Two weeks ago I had a client meeting in town. While waiting, the front counter lady did a double take and then asked if I was the lady who had written about her “girls’’ (cups hands around “her girls’’) in the newspaper that day.
Not the kind of question I was expecting while I was in work mode, but what a wonderful conversation starter.
So, to give you a little ice breaker for next time we meet, here’s that column which is also from the Only Hearts Should Be Worn On Sleeves ebook.
Which, by the way, has a special Mother’s Day price until Sunday of $5 (usually $12.95). It’s ideal if you’re looking for a last-minute Mother’s Day gifts or something unique for a friend’s birthday. Just visit the ebook page to learn more.
One morning last week I awoke to find what looked like cartoon drawings of two fried eggs on my good white nightie. After running through a million scenarios, from my husband ‘‘sleep drawing’’ to me eating in my sleep, it eventually dawned on me — the ‘‘girls’’ had leaked.
Having grown up on a dairy farm at Riana — OK, it was a hobby farm and our milking capacity was two cows — I know all about where milk comes from. But nothing prepares you for the shock of seeing liquid coming out of your own mammary glands. It’s insane. Since then, I’ve had to wear nursing pads to bed — I’m now wearing more padding than Glenn McGrath going out to bat.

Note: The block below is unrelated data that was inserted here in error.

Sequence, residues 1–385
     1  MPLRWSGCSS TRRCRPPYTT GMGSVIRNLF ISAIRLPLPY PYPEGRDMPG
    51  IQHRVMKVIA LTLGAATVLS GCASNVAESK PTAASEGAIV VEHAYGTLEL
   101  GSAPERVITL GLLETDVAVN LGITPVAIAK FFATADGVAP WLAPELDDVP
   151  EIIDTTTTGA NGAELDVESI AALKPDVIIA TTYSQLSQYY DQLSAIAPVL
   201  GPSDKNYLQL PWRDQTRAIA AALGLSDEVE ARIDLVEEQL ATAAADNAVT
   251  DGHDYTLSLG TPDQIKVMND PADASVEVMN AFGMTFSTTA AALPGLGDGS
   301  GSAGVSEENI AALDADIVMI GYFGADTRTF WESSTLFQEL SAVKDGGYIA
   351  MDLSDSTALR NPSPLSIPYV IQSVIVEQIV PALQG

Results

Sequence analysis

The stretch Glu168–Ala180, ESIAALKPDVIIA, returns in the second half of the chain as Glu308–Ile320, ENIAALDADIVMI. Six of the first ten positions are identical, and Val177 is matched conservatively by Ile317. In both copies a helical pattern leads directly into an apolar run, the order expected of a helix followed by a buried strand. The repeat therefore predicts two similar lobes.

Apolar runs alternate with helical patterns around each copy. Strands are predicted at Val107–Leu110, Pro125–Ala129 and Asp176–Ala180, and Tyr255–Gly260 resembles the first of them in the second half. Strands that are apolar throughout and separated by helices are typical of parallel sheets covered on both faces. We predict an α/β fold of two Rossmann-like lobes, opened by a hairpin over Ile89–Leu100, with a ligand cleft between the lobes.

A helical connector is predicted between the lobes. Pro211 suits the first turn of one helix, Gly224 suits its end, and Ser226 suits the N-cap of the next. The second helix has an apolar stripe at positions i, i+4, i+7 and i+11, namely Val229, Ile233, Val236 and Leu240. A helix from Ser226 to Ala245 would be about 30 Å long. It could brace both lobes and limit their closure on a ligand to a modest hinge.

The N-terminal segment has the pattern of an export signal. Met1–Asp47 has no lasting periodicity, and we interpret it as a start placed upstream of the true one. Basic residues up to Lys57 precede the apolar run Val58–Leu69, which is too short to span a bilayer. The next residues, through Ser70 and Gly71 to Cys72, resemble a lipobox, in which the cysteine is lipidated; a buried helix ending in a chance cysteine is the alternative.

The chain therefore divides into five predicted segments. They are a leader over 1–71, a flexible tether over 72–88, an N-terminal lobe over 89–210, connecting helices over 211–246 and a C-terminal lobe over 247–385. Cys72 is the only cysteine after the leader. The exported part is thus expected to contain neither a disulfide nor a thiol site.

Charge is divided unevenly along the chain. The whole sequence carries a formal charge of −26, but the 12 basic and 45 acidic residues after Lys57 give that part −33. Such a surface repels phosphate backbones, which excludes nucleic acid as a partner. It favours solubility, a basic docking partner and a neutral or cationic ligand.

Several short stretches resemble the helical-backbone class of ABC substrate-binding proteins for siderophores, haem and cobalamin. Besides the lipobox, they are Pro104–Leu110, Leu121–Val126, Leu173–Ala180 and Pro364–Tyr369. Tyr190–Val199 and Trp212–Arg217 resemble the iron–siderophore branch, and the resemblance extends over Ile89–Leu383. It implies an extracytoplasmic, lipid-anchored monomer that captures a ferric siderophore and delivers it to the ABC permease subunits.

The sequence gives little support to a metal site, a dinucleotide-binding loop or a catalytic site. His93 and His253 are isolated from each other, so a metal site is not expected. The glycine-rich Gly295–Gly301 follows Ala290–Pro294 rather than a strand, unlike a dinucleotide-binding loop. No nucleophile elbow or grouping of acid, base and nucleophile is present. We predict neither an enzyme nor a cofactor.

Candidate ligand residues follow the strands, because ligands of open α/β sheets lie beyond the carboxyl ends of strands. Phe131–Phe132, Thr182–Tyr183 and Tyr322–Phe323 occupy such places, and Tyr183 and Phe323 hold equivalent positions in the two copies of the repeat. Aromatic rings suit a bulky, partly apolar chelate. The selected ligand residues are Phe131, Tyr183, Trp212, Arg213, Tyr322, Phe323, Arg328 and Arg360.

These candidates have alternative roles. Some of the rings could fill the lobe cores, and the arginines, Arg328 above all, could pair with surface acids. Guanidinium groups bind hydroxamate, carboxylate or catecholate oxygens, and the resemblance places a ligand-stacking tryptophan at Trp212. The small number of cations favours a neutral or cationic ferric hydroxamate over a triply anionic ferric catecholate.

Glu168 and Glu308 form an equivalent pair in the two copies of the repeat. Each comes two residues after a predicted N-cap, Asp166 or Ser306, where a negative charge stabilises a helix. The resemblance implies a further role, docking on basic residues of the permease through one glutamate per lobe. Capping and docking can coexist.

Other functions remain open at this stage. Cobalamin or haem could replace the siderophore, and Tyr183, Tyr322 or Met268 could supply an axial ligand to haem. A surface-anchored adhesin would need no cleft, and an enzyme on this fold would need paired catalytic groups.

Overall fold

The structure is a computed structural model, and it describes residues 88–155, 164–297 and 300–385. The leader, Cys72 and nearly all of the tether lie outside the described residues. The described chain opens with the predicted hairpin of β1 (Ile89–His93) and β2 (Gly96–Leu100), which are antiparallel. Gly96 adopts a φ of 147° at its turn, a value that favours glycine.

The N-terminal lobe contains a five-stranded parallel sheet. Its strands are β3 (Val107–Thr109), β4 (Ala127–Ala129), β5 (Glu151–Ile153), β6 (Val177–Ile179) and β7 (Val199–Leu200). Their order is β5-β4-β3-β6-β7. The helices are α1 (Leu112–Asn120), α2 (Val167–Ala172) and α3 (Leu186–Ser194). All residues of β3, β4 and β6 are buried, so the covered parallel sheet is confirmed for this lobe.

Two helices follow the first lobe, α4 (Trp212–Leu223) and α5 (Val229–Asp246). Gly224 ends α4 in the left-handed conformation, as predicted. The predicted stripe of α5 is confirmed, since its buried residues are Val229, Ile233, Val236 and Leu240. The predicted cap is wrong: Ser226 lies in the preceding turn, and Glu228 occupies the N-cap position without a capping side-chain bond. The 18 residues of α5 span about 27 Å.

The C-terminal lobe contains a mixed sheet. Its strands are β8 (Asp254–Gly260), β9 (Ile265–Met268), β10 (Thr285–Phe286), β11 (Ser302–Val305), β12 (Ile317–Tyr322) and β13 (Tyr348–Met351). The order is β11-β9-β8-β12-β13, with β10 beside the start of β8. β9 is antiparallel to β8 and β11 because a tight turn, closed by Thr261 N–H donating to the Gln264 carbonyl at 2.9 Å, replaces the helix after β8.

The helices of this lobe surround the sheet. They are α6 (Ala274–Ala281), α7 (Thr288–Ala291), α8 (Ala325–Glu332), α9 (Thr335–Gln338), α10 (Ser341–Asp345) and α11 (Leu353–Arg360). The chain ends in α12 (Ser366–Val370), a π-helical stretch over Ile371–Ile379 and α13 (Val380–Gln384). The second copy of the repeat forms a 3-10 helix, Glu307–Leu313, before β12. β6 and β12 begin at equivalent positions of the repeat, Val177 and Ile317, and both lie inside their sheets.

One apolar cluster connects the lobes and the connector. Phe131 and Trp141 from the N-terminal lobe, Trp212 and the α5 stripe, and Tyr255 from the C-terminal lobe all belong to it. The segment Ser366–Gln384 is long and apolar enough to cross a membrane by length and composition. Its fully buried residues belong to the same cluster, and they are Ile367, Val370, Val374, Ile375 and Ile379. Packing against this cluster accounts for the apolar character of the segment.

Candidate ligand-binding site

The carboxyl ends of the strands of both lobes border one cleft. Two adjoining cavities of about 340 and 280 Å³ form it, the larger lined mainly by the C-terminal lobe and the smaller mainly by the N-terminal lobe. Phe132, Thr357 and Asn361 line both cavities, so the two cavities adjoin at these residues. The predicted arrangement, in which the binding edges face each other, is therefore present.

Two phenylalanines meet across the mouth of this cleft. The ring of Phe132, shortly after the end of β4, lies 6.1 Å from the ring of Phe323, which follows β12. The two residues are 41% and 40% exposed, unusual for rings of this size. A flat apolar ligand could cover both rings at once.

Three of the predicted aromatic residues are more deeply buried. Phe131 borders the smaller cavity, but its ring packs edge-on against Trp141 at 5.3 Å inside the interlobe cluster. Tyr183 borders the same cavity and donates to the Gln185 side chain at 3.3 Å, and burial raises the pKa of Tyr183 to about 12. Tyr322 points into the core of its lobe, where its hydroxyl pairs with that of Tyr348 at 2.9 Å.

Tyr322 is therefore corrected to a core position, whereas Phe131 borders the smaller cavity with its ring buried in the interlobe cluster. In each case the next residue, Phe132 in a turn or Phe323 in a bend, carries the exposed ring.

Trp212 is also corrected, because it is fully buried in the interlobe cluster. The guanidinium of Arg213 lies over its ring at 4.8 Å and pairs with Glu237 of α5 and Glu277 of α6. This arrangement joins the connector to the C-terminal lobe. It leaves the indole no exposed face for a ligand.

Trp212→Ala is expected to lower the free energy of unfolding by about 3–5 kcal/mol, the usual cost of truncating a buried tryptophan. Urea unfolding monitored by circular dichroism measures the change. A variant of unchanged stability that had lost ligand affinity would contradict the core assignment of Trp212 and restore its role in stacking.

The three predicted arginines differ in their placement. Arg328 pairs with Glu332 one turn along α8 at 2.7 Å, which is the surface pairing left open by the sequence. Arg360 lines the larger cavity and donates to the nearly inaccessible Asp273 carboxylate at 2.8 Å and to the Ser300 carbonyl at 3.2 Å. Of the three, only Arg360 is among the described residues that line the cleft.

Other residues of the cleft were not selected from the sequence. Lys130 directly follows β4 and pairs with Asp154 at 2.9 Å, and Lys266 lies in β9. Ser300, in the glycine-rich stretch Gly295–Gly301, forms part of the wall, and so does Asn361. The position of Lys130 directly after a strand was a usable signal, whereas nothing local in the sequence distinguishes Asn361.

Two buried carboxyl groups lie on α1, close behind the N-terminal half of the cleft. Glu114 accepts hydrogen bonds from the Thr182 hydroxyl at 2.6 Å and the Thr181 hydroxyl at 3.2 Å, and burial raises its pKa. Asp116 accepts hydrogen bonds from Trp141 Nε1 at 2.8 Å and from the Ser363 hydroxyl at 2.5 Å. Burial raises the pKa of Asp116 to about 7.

It got me thinking about the whole feeding process and how soon these once objects of desire may need to be backed up to a machine ready to be pumped dry. Yes kids, milk doesn’t come from a carton.
I also know how to do it by hand if the ‘‘damn machine’’ (dad’s words) breaks down again. Actually, that thought alone has inspired me to buy the best, most expensive equipment.
The breast pump — or milking machine as I’ve named it — is an automatic little doodackie. I start pumping, it picks up my rhythm and then takes over. Genius.
Except that I have visions of it latching on too tightly, sucking out of control and my husband trying to yank it off my chest. Anyway. . .
The hardest part of becoming a dad must surely be having to relinquish control over your wife’s ‘‘girls’’.
Yes, they belong to the baby now. Even more difficult must be the fact they’re larger than they’ll ever be.
Oh, the torture. In fact, my bras (now sized at the opposite end of the alphabet) are big enough for me to camp under. Ah well, at least on our camping adventures we’d never run out of milk.
Can you relate to any of this?